PGA Championship: The conundrum that is Rory McIlroy's career
Has Rory McIlroy missed the chance to not just be great, but be one of the all-time greats?
The question posed to Rory McIlroy was fairly benign.
When you get away from golf now, what do you do to try and switch off and forget about it?
McIlroy has spent much of the last year as the face of the PGA Tour's fight against the challenge of LIV Golf. He was a driving force behind some of the Tour's recent changes, most notably the 17 "elevated events" the Tour has designated in order to get the best players in the world together more often. Increased purses and fines for missing these events were put in place in order to ensure the top players would show up.
But after a brutal Masters in April where McIlroy missed the cut, he opted to skip the RBC Heritage, one of the Tour's 17 elevated events. He said he needed a break from the game, a $3 million fine be damned.
This is the backstory to the question asked Tuesday as McIlroy preps for the 2023 PGA Championship, which tees off Thursday in upstate New York.
What do you really like doing?
For eight seconds, McIlroy stood quietly behind a podium, thinking, before finally answering.
"I don't know, actually," he said. "I don't know."
He eventually got around to explaining that he's always had "good balance" in his life, that he's got other interests that "keep me occupied and busy. There's no shortage of that."
He just didn't share what those interests are.
It's become a rite of passage for going on a decade now to analyze where McIlroy's head is with each upcoming major. That's because despite all his talent, all the wins around the world, the popularity, the appearances atop the world rankings, McIlroy hasn't won a major championship since 2014 — a nine-year winless stretch in the prime of his career that's seen him go from a 25-year-old, four-time major winner to a now 34-year-old four-time major winner.
After winning the PGA Championship in 2014 to join Tiger Woods and Jack Nicklaus as the only players to collect that many by that age, Nicklaus declared McIlroy "has an opportunity to win 15 or 20 majors or whatever he wants to do if he wants to keep playing." Now though, it's not a question of how many majors McIlroy will win, but if and when he'll win another one.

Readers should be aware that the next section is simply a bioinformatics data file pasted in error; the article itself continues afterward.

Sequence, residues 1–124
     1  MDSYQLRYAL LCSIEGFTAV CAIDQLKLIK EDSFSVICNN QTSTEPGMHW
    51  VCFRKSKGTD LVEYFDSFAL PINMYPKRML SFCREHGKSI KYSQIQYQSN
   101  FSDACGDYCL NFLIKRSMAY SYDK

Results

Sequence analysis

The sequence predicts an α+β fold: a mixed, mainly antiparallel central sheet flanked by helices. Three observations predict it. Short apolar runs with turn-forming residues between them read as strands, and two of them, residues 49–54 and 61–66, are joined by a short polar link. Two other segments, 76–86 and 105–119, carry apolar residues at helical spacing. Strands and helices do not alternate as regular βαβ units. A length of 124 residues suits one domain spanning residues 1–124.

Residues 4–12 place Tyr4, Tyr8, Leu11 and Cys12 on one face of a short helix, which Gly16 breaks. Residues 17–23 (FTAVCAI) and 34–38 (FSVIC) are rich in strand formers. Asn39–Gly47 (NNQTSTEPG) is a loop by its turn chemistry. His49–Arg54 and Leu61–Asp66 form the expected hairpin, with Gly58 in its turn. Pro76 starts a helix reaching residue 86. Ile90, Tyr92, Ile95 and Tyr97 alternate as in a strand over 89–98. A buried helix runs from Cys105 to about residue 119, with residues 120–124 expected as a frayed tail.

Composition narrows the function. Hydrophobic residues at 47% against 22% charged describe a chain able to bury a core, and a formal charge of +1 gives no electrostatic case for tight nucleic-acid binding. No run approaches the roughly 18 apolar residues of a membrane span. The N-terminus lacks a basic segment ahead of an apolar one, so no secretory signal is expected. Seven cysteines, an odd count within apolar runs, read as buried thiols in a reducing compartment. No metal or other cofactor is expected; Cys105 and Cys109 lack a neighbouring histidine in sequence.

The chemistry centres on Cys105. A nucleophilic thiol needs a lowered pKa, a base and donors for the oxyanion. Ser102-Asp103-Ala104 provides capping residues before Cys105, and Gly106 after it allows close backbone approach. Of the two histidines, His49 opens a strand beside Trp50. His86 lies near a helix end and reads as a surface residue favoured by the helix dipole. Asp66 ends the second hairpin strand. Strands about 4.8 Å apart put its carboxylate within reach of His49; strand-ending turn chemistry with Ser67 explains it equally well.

This is sort of the conundrum of McIlroy's career. Four major victories will put him in the Hall of Fame the day he's eligible. But if that's where he tops out, is his career somewhat of a disappointment?
"Like, if I don't win another tournament for the rest of my career, I still see my career as a success," McIlroy said Tuesday. "I still stand up here as a successful person in my eyes."
There is no questioning that. None. He is one of the 10 to 15 best golfers to ever play the game. But has he missed the chance to not just be great, but be one of the all-time greats?
Thursday presents opportunity No. 32 to get off the schneid of only four majors. Per BetMGM, he is once again a favorite, behind only world No. 1 Jon Rahm and No. 2 Scottie Scheffler.
"Less expectations," McIlroy said when asked about his mental game. "Just sort of trying to sort of be in a good spot with taking what comes and not thinking about things too much, not getting ahead of myself."
A win this weekend would change the entire narrative around McIlroy. Anything less, he'll be facing the same questions again in a couple of weeks in Los Angeles, where the U.S. Open will be in June. Fair or not, those are the stakes for him now.